Title supplied by cataloger. Located at 800 N. Alameda Street, Union Station was designed by the father and son team of John Parkinson and Donald B. Parkinson, and opened in May 1939. The structure combines Spanish Colonial, Mission Revival, and Streamline Moderne styles with Moorish architectural details. It was named the Los Angeles Union Passenger Terminal (LAUPT) until Catellus Development officially changed the name to Los Angeles Union Station (LAUS). In 1980 it was added to the National Register of Historic Places, Building #8000081. It is Los Angeles Historic-Cultural Monument #101. Looking out onto the South Patio of Union Station from the Waiting Room. Its park-like setting offers passengers numerous benches and pathways.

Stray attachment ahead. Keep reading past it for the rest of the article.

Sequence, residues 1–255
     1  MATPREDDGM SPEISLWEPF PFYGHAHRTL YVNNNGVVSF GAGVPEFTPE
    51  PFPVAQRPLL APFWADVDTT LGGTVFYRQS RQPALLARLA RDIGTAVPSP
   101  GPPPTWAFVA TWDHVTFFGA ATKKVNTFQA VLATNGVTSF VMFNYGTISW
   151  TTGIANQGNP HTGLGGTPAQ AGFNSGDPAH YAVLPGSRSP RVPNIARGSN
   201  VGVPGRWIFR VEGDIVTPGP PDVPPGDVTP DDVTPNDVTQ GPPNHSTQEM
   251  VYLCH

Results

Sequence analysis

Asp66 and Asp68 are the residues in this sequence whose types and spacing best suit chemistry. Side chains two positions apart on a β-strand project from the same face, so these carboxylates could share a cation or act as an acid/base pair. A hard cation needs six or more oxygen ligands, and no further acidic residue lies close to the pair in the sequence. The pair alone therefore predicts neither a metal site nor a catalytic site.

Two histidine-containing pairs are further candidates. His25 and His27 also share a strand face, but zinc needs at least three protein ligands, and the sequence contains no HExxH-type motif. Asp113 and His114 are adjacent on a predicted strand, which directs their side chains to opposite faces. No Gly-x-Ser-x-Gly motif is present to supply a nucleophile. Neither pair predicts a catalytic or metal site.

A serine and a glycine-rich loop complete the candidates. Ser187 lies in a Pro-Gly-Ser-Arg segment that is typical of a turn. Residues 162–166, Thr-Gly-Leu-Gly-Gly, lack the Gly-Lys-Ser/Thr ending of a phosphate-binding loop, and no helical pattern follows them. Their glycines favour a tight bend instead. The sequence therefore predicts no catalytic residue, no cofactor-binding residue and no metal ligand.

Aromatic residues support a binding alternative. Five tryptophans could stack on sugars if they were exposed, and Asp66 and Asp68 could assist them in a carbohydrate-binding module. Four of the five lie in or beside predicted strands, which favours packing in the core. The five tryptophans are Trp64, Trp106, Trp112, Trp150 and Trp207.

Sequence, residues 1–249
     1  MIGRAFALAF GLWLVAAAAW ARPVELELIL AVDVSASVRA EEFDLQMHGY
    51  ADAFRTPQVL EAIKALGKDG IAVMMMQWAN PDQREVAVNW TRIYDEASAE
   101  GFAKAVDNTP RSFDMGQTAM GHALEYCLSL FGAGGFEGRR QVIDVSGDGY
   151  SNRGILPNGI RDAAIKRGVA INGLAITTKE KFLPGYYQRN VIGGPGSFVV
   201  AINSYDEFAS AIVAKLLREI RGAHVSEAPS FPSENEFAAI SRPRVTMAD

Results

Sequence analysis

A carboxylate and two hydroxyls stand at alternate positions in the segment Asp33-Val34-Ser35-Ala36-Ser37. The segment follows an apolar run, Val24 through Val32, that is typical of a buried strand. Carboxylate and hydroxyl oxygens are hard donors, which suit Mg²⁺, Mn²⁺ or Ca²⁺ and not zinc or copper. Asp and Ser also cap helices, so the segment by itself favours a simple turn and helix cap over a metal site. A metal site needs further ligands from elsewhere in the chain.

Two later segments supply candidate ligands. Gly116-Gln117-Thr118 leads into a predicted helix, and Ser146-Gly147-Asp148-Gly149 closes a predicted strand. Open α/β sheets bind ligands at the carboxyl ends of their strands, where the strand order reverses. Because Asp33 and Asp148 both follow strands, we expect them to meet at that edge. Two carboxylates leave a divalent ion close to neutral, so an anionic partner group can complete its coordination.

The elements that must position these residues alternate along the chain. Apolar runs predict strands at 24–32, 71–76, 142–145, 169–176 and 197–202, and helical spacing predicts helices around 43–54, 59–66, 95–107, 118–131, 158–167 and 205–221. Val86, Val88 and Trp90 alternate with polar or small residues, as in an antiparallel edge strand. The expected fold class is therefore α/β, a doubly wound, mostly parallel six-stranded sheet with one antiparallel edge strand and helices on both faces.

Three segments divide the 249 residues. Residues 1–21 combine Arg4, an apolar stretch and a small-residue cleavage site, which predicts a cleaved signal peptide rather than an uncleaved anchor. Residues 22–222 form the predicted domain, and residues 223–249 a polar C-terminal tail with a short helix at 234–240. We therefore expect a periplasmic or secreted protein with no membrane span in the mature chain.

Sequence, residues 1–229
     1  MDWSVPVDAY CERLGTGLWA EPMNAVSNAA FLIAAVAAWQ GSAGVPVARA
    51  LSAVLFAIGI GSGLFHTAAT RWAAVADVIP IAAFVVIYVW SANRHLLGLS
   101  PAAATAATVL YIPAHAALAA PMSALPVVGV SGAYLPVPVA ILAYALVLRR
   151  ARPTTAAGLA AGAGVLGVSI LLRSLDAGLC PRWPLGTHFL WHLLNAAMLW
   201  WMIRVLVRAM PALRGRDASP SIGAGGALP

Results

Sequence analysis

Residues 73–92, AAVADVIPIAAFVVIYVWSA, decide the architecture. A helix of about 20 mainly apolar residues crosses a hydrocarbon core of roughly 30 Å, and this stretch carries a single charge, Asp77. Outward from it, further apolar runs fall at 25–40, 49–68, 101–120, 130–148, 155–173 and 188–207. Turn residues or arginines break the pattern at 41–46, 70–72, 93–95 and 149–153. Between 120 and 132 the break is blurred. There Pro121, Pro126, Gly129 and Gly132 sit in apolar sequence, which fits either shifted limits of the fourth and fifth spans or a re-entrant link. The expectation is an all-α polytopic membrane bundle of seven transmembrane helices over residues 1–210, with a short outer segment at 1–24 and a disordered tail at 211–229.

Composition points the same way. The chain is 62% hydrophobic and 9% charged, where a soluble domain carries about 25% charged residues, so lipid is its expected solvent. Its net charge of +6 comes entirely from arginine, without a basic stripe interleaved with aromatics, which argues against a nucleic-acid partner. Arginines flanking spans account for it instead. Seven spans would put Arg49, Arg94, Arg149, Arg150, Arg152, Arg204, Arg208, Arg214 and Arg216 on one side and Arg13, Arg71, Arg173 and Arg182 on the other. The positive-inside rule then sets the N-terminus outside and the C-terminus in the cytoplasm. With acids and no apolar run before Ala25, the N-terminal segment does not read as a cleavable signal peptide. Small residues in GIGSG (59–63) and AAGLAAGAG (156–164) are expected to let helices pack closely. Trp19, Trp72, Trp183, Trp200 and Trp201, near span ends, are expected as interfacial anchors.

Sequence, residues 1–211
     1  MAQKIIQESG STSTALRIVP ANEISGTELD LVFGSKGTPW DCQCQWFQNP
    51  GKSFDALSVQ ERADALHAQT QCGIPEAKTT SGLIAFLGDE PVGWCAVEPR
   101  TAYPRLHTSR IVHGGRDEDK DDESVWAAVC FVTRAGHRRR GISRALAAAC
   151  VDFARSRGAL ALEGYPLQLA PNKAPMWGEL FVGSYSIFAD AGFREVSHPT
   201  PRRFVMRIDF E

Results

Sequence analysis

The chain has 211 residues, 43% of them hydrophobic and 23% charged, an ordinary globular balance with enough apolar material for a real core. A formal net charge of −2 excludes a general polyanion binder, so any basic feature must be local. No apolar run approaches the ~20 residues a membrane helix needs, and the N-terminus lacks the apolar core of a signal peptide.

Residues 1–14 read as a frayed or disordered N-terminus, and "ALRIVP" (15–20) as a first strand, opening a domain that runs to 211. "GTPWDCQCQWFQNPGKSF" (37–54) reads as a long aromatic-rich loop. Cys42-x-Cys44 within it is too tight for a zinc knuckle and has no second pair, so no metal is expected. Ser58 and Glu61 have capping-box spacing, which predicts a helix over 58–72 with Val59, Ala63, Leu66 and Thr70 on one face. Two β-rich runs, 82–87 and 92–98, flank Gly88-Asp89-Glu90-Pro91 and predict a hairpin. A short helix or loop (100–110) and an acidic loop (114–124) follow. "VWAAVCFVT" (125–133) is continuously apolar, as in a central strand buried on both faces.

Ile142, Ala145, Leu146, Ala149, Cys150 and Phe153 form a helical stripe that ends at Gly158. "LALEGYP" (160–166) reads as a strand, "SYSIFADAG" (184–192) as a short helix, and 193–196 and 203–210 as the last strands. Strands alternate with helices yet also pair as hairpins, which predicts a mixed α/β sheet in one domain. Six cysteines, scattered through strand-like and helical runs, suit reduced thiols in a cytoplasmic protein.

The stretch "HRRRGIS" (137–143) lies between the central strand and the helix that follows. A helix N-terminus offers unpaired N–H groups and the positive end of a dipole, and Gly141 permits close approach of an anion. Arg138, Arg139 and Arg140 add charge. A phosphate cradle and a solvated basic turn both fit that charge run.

1 slide : color ; 5x5 cm. Photographic color slides
Union Passenger Terminal (Los Angeles, Calif.) Railroad stations Terminals (Transportation) Benches Trees Shrubs Los Angeles Historic-Cultural Monuments Art deco (Architecture) Architecture, Spanish influences Downtown Los Angeles (Los Angeles, Calif.) Parkinson & Parkinson